DIY...Quiet Form Factor Setup.
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Author:  Bluefront [ Thu Oct 09, 2003 2:21 pm ]
Post subject:  DIY...Quiet Form Factor Setup.

This is an experimental setup, so please excuse the un-finished look of it. It's been running successfully for a while, so I thought some of you may like to see it's progress so far.

As you can see in the pictures, I moved the PSU to the bottom of the setup after removing the fan. There is a 120mm fan in the center of the lower case, blowing out through the PSU. This is the only fan in the whole computer, other than the stock Intel cpu fan.

The whole case is sealed at all other openings, so all the air blown out the psu opening has come through the filter at the top, across the board and cpu, down and over the hard drive, through a 4" hole under the hard drive, into the lower case and out through the PSU.

It works perfectly with both fans under-volted. With the cpu fan running about 3200 rpm, and the case fan running about 1500rpm, the setup is very quiet. I'm still working on a new muffler setup for the lower case....more to follow.

Author:  Henrik [ Thu Oct 09, 2003 2:41 pm ]
Post subject: 

I have my HDD enclosed and cooled with a fan (see sign.). I'm thinking that if I get a more suitable material for my enclosure, I can ditch the fan. What do you think of that blue/yellow 'Safety-mat' stuff? Do you think it'll 'trap' a lot of heat? My goal is of course to find something that dampens the noise and 'breaths' at the same time, not trapping any heat.

EDIT: That setup you have there sure looks nice! What processor is that?

Author:  Bluefront [ Thu Oct 09, 2003 5:12 pm ]
Post subject: 

The "safety mat" foam is closed cell....does not breathe at all and would
probably cook a hard drive without a fan. Other than that I like the stuff. It's cheap, easy to cut, blocks sounds very well.

It's a Soyo board, 820 chipset, 512 Rambus, Intel PIII-733. Quite a powerful setup.

The shroud you see in the photos, forces the airflow closer to the board and CPU. I've been trying different configurations of this duct, so it's not final yet.

Author:  MikeC [ Thu Oct 09, 2003 6:30 pm ]
Post subject: 

With the cpu fan running about 3200 rpm, and the case fan running about 1500rpm, the setup is very quiet.

It's logical & creative, like your other work, but those RPM #s don't sound very quiet to me.... in my quiet systems, I rarely have any fan that exceeds 1000-1200 rpm. 3200 from what must be a 40-60mm fan has got to be pretty whiny, no? or does your filter system block/absorb that noise?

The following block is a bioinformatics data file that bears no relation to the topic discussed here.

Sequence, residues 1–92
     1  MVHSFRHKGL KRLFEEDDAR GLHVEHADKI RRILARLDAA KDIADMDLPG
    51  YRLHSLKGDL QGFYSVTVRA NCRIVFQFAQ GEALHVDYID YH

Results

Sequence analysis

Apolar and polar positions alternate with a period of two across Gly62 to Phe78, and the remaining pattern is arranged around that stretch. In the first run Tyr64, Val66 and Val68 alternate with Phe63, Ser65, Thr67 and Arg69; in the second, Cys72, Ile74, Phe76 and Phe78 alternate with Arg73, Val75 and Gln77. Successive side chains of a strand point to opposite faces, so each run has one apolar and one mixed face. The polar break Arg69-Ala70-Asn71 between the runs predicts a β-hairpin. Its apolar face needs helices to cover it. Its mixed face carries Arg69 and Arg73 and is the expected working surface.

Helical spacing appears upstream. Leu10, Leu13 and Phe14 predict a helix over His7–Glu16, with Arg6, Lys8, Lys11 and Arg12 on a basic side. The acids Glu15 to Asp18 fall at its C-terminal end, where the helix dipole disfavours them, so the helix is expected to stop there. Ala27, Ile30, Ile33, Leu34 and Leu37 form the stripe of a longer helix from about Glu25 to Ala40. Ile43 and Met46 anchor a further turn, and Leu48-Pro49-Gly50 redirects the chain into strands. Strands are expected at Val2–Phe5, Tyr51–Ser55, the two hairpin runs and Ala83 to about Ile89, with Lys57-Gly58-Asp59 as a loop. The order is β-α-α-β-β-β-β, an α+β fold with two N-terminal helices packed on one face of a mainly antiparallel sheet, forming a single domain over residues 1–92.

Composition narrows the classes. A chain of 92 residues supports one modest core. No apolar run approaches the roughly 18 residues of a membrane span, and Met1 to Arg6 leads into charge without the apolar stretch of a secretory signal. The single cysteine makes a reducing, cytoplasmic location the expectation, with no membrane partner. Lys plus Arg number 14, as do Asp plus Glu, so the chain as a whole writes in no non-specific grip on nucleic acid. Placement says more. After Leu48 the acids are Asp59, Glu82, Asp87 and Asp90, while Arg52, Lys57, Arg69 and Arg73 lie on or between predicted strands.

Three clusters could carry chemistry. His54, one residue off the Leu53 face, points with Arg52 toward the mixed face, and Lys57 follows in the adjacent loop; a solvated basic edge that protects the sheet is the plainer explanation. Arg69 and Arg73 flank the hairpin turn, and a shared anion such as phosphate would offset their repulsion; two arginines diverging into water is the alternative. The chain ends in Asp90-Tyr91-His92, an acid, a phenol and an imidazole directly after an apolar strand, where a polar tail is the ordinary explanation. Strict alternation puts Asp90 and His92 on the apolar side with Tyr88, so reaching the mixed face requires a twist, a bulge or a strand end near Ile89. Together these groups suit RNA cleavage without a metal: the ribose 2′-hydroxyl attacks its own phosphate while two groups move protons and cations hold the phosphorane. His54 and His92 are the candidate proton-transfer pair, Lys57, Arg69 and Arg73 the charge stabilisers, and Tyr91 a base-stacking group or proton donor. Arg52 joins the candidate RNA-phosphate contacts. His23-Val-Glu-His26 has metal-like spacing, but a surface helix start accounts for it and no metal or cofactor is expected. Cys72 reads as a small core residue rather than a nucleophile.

Author:  Bluefront [ Fri Oct 10, 2003 3:05 am ]
Post subject: 

Well thanks.....actually the slot1 board was the only one I had left for this experiment. And the cpu heatsink/fan was the only one I had available. It's a small fan, with a built-in shroud around the heatsink. It ran about 4500 rpm, but turned down to 3200 is fairly quiet.

This design does mute the noise from the cpu fan almost completely. There are no openings in the front, top and sides of the case to let out any noise at all. If I put my ear next to the one rear intake port, I can hear the cpu fan.....but that's the only way. The intake filter mutes the sounds, as does the 90 degree bend the airflow makes to enter the intake chamber. When this design progresses, I'll dampen this chamber even further....right now there is no dampening, but it's still quiet.

The exhaust setup is quiet as it is right now.....no acoustic filter installed yet. Having the 120mm fan in the center of the heavy oak case helps, and locating the PSU where it is, blocks the sound quite a bit. I'm working on a new design for this case also. I really need to control the fan speeds better...another A-Open board with Silent-Tek would do the trick.

This design could be applied to almost every tower case and every mother-board/CPU combo......you gain an extremely good air filtration, an airflow which covers the board's hot spots perfectly, the ability to run almost any PSU fanless. Plus many other advantages.

Author:  AlexHu [ Sat Jan 10, 2004 10:54 pm ]
Post subject: 

I had a slot 1 P2 at 450Mhz, took off the CPU heatsink fan, and 7V the PSU fan with the PSU inside the case. So I don't think it is necessary to move the PSU outside the case.

I do have another 5V fan blowing at the HD to keep my most valuable asset running.

Author:  Bluefront [ Sun Jan 11, 2004 5:35 pm ]
Post subject: 

I think you miss the point of this experimental setup....I was trying to run the computer using one fan in the lower box, with the intake in the former place of the PSU, with a big internally located filter. It works just fine.

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